I beat my formal offer at trial. Will I be awarded double costs and double disbursements from the date of my formal offer? What if the Rule doesn’t specifically mention disbursements?
In a decision released this week, Justice Dley considered the issue of double costs after the plaintiff beat their formal offer at trial (Lafond v Mandair 2017 BCSC 1081). The plaintiff had formally offered to settle his claim for $300,000.00. His offer was not accepted, and he went on to be awarded something slightly more than $343,000.00 at trial. While the defence conceded that the plaintiff was entitled to double costs (having beaten his formal offer), the defence did not agree with the plaintiff’s proposition that double costs included double disbursements.
Faced with conflicting case law on this issue, Justice Dley reviewed Supreme Court Civil Rule 9-1(5)), which specifically mentions disbursements at some subpoints relevant to particular costs entitlements, but does not include mention of disbursements under the subpoint relevant to double costs after a formal offer is beaten. Justice Dley went on to find that ‘double costs’ does not include ‘double disbursements’:
 The lack of clarity in the wording used leaves much to be desired. The comments of Madam Justice Fitzpatrick in Gonzales, at para. 67, bear repeating:
 I acknowledge that the wording of Rule 9-1(5), in its reference to “disbursements” in subcategory (a) without an accompanying reference to “disbursements” in subcategory (d), is awkward and confounding. In my view, however, the fundamental purpose of the Rule — which, as stated by the Court of Appeal in Kendall and Skidmore, is to compensate for all “costs”, including disbursements — has not changed. One can only hope for some clarity on this issue by possible amendments to Rule 9-1(5).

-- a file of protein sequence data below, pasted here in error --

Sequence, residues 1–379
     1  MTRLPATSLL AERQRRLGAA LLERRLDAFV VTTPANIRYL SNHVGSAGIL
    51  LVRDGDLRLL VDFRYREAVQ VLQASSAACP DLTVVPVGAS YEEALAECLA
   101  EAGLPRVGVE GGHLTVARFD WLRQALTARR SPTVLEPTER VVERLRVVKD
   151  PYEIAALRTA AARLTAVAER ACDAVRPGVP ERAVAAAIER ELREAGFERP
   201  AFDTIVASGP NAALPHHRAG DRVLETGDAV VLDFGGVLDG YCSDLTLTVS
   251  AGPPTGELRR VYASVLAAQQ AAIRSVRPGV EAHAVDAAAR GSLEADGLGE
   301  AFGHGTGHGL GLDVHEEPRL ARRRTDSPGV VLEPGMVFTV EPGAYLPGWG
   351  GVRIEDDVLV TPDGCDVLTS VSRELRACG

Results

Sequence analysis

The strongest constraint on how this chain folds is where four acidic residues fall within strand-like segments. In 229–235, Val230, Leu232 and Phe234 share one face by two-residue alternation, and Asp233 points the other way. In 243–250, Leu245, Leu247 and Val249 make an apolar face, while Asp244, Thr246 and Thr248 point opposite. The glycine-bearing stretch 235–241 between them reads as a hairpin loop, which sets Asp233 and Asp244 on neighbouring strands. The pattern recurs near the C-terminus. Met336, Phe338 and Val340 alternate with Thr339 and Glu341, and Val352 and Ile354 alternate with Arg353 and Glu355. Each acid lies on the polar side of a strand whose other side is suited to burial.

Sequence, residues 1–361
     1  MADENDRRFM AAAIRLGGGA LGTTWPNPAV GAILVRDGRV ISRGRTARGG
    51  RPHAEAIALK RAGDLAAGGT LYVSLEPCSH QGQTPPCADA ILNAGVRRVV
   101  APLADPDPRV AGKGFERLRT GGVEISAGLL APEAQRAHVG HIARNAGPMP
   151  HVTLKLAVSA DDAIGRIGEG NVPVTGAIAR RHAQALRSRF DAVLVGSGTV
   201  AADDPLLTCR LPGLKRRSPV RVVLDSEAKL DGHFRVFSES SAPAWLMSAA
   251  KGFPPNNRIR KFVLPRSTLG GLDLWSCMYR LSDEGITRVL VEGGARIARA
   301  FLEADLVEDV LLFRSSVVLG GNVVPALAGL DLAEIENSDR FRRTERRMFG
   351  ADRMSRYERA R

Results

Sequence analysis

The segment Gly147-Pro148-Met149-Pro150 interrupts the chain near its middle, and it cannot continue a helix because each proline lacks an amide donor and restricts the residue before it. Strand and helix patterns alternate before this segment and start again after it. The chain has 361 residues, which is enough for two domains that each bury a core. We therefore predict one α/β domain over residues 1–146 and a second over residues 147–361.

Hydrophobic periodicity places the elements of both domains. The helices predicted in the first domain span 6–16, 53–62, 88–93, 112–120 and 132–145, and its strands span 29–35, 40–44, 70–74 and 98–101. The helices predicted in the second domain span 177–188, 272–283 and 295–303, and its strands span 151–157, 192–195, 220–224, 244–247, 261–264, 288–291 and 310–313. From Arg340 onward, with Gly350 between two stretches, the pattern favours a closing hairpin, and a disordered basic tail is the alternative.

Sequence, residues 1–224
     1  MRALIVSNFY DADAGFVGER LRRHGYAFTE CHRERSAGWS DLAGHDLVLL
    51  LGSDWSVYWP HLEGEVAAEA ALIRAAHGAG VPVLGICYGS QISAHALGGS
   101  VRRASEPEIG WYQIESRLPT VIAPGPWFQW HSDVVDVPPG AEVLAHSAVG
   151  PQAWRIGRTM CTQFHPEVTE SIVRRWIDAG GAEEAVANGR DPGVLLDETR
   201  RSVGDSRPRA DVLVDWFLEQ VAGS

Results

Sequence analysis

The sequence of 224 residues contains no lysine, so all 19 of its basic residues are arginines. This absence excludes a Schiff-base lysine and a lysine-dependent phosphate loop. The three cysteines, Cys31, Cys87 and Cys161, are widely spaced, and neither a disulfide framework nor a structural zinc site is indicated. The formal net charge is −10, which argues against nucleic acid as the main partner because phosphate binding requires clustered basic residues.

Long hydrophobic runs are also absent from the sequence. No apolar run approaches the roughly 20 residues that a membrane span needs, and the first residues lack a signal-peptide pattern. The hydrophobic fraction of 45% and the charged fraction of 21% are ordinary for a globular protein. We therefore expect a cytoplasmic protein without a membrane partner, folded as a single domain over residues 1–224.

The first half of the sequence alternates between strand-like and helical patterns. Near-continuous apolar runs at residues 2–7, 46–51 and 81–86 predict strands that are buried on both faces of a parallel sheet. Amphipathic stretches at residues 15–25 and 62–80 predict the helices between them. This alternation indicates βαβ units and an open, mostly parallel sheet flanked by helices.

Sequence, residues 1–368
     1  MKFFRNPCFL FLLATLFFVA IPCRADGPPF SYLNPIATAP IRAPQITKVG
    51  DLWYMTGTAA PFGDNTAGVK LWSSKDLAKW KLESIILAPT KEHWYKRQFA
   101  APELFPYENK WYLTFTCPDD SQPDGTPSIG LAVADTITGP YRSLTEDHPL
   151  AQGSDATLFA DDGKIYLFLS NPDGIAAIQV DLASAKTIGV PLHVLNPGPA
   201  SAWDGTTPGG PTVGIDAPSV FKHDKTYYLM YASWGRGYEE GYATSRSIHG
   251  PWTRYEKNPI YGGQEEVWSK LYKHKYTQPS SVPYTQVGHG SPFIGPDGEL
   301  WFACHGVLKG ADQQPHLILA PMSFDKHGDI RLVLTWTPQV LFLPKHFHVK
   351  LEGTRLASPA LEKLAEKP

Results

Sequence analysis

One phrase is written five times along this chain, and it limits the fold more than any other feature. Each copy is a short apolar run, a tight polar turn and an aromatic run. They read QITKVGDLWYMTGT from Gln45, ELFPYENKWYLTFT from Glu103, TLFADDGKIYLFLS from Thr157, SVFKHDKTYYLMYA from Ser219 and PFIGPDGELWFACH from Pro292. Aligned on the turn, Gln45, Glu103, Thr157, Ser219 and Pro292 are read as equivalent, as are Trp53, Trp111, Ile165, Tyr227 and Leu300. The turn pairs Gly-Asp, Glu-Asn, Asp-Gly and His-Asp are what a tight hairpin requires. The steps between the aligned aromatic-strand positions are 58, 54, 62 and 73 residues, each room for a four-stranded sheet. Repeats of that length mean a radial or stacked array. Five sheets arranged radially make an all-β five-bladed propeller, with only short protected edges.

But for the decision in Gonzales, there would be no question that there could be no award for double disbursements because of the prior ruling in Moore.
 Gonzales is a compelling decision because it levels out the award of costs so as to include disbursements that are available under the other provisions of Rule 9-1(5). However, Moore is directly on point – double disbursements are not available.
 Moore is specific to the issue of double disbursements. Madam Justice Brown determined that the absence of any reference to disbursements in subsection (b) precluded an award for double disbursements. A further analysis of that provision confirms the same outcome.
 Double costs may be awarded for some or all steps taken after delivery of the offer to settle. A step in the proceeding is a formal step that moves the action forward: Canadian National Railway Company v. Chiu, 2014 BCSC 75 at para. 7.
 Incurring a disbursement is not a formal step as contemplated by the Civil Rules.
 I, therefore, conclude that under Rule 9-1(5)(b), double disbursements are not to be awarded as part of double costs. Thus, a successful offer to settle can be rewarded with an entitlement to double costs for tariff items, together with actual and reasonable disbursements.